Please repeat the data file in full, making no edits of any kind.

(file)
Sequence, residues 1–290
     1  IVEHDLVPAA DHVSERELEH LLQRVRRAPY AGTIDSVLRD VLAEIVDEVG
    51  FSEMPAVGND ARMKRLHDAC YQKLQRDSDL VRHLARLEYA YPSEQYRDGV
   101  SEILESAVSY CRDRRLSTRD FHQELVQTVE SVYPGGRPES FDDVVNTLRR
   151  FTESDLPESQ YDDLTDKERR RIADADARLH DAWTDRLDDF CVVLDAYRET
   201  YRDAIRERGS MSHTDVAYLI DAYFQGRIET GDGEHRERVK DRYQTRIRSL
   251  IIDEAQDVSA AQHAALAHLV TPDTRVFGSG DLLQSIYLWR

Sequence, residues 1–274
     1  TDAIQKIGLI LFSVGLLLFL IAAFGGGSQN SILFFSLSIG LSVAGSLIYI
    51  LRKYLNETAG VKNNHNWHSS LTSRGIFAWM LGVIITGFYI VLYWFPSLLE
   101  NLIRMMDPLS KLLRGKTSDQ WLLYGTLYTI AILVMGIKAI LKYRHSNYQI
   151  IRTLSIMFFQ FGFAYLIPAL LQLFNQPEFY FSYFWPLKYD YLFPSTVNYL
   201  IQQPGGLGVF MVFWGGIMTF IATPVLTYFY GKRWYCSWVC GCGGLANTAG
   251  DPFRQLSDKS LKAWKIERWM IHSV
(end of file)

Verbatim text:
Sequence, residues 1–290
     1  IVEHDLVPAA DHVSERELEH LLQRVRRAPY AGTIDSVLRD VLAEIVDEVG
    51  FSEMPAVGND ARMKRLHDAC YQKLQRDSDL VRHLARLEYA YPSEQYRDGV
   101  SEILESAVSY CRDRRLSTRD FHQELVQTVE SVYPGGRPES FDDVVNTLRR
   151  FTESDLPESQ YDDLTDKERR RIADADARLH DAWTDRLDDF CVVLDAYRET
   201  YRDAIRERGS MSHTDVAYLI DAYFQGRIET GDGEHRERVK DRYQTRIRSL
   251  IIDEAQDVSA AQHAALAHLV TPDTRVFGSG DLLQSIYLWR

Sequence, residues 1–274
     1  TDAIQKIGLI LFSVGLLLFL IAAFGGGSQN SILFFSLSIG LSVAGSLIYI
    51  LRKYLNETAG VKNNHNWHSS LTSRGIFAWM LGVIITGFYI VLYWFPSLLE
   101  NLIRMMDPLS KLLRGKTSDQ WLLYGTLYTI AILVMGIKAI LKYRHSNYQI
   151  IRTLSIMFFQ FGFAYLIPAL LQLFNQPEFY FSYFWPLKYD YLFPSTVNYL
   201  IQQPGGLGVF MVFWGGIMTF IATPVLTYFY GKRWYCSWVC GCGGLANTAG
   251  DPFRQLSDKS LKAWKIERWM IHSV